Cigna turned down another offer from Anthem today, the second in only a week. The deal upped the stakes to $175 per share but was rebuffed due to control of the combined company. The news was first reported early this morning and sent shares soaring by nearly 20%. After the deal was turned down share prices moderated but retained much of the days gains. Today's activity sparked activity throughout the sector as many analysts are expecting more consolidations.
Gap gained 1.35% in after hours trading when they announced store closures. The company is planning to close 26%, 175, of its stores over the next few years in a move designed to get the "fleet... to the right size". At the same time the company reaffirmed full year guidance in the range of $2.75-$2.80.
The market was not thrilled by the Greece news but at the same time did not use it to start a wild sell-off. The indices fell, sharply, down to recent lows and near term support only to hit bottom and bounce right back. They did not regain all of today's losses but did manage to reclaim at least half in most cases.
Today's drop was led by the Dow Jones Industrial Average which lost -0.60%. Today's drop took the index down to support at the 2 month low, near 17,900. The index has bounced from this level five times now so it appears strong in the near term at least. The indicators are mixed but consistent with support at this level or just below near 17,600. MACD is bearish and ticking stronger but divergent from today's new low; stochastic is pointing lower in the near term and higher in the long term, consistent with a retest of support. This could happen over the next two days as we get more Greek news, economic data and wait for the FOMC announcement.
The transports were the next largest decliner in today's session. The Dow Jones Transportation average losing -0.49% in a move that did not even reach the recent lows before bouncing. Today's candle resembles those of the other indices but is much shorter relative to recent price action and met support well above the recent low. The indicators remain consistent with a bullish trend following entry, MACD is steady to the upside and stochastic %D is trending higher following a bullish crossover of the lower signal line. Current set up is bullish and in line with the underlying trend so I am optimistically bullish, but with caveats.
The index is still below the long term trend line, the FOMC meeting is onl days away and we are still a few weeks out from earnings season, which is not expected to be good... all reasons for caution without the addition of Greece, Iran and Yemen. The index is now in the middle of the near term range with support near 8,250 and resistance near 8,500, a break beyond either could lead to a move of 250-500 points in the near to short term.
The S&P 500 made the third largest decline, -0.46%, in a move that reversed within 1 point of the low set last Tuesday. Today's candle is not overly large but significant in terms of its lower shadow, which reveals support at levels where we have seen a lot of price action over the past few months. The indicators are consistent with emerging support and setting up for a potential trend following entry. MACD is diverging from price and stochastic is flat, possibly rolling over, and still well above the lower signal line. The breach of the long term trend line is a red flag, as is the upcoming Fed announcement, but the overall trend is up so I remain cautiously bullish, waiting on the next rally. Today's support was found near 2,070 and last week's low, resistance is just above the current level in the range of 2,080-2,100.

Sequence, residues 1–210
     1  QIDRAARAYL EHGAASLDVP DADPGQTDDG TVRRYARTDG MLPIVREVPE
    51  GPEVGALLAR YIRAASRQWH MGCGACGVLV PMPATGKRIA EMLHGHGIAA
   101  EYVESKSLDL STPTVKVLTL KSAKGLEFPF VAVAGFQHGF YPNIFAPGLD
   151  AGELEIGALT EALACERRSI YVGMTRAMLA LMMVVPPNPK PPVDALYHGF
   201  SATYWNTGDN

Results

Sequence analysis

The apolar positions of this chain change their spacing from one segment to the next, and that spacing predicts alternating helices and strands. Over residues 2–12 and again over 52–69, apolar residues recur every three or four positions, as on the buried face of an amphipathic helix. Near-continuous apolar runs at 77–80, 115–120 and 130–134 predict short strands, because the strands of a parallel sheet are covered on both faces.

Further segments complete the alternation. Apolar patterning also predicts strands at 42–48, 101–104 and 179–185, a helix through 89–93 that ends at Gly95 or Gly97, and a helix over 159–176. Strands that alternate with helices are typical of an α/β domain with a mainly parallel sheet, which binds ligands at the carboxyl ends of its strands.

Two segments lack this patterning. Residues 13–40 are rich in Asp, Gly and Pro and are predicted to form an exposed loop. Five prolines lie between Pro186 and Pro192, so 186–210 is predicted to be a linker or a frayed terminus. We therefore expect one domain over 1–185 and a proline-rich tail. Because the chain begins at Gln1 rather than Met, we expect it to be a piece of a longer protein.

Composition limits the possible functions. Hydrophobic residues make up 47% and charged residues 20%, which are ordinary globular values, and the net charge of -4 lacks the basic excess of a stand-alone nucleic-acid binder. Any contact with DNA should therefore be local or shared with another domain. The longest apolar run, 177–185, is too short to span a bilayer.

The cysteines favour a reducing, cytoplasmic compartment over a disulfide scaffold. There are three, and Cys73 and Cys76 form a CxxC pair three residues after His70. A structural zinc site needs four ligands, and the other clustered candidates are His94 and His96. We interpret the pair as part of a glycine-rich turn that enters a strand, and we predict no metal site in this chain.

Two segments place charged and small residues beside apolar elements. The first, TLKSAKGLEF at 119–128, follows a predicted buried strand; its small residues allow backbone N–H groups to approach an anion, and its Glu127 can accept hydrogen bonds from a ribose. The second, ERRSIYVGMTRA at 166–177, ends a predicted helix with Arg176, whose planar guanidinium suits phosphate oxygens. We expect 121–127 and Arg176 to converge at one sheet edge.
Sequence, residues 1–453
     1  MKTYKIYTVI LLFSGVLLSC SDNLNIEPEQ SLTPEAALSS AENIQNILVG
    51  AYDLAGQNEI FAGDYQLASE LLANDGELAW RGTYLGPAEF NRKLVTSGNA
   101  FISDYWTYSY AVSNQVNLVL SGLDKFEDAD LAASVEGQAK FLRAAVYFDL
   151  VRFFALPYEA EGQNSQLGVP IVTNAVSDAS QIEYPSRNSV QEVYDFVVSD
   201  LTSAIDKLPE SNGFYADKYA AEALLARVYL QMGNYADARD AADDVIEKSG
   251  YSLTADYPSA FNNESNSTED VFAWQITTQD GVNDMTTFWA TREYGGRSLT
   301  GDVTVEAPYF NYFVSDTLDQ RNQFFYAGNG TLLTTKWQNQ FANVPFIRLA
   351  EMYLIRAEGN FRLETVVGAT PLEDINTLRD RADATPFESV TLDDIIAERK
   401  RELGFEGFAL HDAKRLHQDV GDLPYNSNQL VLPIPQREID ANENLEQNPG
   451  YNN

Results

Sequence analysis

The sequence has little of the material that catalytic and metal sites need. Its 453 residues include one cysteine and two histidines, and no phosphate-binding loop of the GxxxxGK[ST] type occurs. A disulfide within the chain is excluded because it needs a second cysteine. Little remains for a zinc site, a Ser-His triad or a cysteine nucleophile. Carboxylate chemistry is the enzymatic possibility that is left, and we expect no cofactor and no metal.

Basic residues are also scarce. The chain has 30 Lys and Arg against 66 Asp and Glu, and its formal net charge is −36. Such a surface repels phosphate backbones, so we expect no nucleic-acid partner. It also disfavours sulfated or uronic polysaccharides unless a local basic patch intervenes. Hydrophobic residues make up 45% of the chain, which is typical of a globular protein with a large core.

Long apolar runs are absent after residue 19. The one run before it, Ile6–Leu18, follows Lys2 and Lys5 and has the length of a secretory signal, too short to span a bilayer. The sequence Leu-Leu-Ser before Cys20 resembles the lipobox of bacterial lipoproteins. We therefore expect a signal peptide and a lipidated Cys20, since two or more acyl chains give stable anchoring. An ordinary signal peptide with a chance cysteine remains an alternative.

The NASDAQ Composite made the smallest decline in today's session, only -0.42%, and created a green candle despite the fall. Price action fell below the short term moving average with declining indicators but like the other indices support appears to be present. For one, the longish lower shadow on the candle crosses the 5,000 level, a level which has provided resistance as well as support in recent months. Another is the indicators, they are moving lower in the near term but both MACD and stochastic are consistent with support in a longer term uptrend.
The market looks like it has support, but also that support is timid, cautious and intensely focused on news. Not too surprising considering the impending FOMC meeting and the power it has over the market. Regardless of the speculation anything is possible at this meeting. They, the Fed and Janet Yellen, have given a time line that includes June as a possibility for raising interest rates. Based on the, I think it was the February statement, the hike could come as soon as two meetings after changing the statement, which means now. I'm not trying to say it's going to happen now, just that the window is open and anything is possible. The way the labor and housing data has been going I will be surprised if there is no change to statement.
Until then, remember the trend!